Lastly, in terms of our need for connection, the more that people can have a sense of inclusion or a sense of being seen, or appreciated, or liked or loved; the more that people can cultivate the traits of being compassionate, kind, and loving themselves, the more that they’re going to be able to stay in a responsive mode of the brain, even if they deal with issues in this connection system like being rejected or devalued or left out by somebody else.
Do people differ in the sort of mode that they tend to be in, reactive or responsive, based on their personal history or personality?
The short answer, I’m sure, is yes. There’s a general finding in psychology that, on average, about a third of our personal characteristics are innate, and roughly two-thirds are acquired one way or another. And so, it’s true, I think, that some people are just by tendency more reactive, more sensitive, fiery. They come out of the box that way. On the other hand, anybody can gradually develop themselves over time through repeatedly internalizing positive experiences and also learning from negative ones. There’s been research on the development of resilience, as well as many anecdotal tales of people who were very reactive because they grew up in a reactive environment—a lot of poverty or chaos in their home or within the family—but then over time, become increasingly sturdy and even-keeled as they navigate the storms of life.
You said in the book that regular exercise can be a factor; can you explain how that helps?
It’s interesting, and I’m someone that doesn’t like exercise. Research shows that exercise is a very good physical health factor obviously, but it also confers mental health benefits. For example, regular exercise is roughly as powerful on average for mild depression as medication is, studies show.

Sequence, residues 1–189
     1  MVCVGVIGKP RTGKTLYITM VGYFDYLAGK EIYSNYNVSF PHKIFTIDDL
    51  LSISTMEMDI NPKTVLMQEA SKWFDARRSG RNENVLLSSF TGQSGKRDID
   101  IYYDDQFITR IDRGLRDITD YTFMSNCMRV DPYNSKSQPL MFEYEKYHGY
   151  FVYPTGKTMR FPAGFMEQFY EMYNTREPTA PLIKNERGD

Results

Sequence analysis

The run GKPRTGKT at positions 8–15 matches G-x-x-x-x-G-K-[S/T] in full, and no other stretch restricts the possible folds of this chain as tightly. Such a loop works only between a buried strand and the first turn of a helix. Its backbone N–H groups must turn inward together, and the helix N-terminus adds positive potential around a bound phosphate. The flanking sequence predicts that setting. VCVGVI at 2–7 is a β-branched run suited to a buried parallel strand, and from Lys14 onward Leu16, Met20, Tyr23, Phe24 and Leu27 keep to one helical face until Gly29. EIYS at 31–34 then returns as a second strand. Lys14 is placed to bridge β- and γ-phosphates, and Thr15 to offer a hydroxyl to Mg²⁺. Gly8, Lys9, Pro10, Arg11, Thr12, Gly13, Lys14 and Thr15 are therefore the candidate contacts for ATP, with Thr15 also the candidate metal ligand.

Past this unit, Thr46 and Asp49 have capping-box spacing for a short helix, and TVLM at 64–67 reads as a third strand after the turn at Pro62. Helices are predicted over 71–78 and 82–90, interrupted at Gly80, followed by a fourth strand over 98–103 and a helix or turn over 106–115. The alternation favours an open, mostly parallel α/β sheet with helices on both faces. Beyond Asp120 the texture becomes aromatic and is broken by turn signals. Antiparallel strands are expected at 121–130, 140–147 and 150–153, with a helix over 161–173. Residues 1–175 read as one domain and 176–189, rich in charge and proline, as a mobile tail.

People who are depressed, mildly to moderately depressed, are still having positive experiences, but they’re not changing from them; they’re not learning from them. One of the theories about why exercise seems to have such a powerful effect on depression in terms of lifting the mood, is that exercise promotes the growth of new neurons in the hippocampus, which is involved with learning—both learning from specific life experiences, as well as learning how to put things into context, see things in the bigger picture. It’s possible that as exercise promotes the growth of neurons in the hippocampus, people become more able to cope with life and make use of positive experiences.
Taking in the good seemed like something you started to do on your own in college, and then later you found that research supported the practice, is that right?
A lot of people stumble upon something that works for them, and then later on they find out there’s a lot of research that’s related to it. For me, the research that’s relevant is on learning, both cognitive learning and especially emotional learning. How do people grow psychologically? The research on that shows that it’s a two-stage process of activation and installation. Also as a long-time clinician, I began to think about how relatively good we are as clinicians at activating positive mental states, but how bad we generally are at helping people actually install those activated states into neural structure. That was a real wake-up call for me, as a therapist.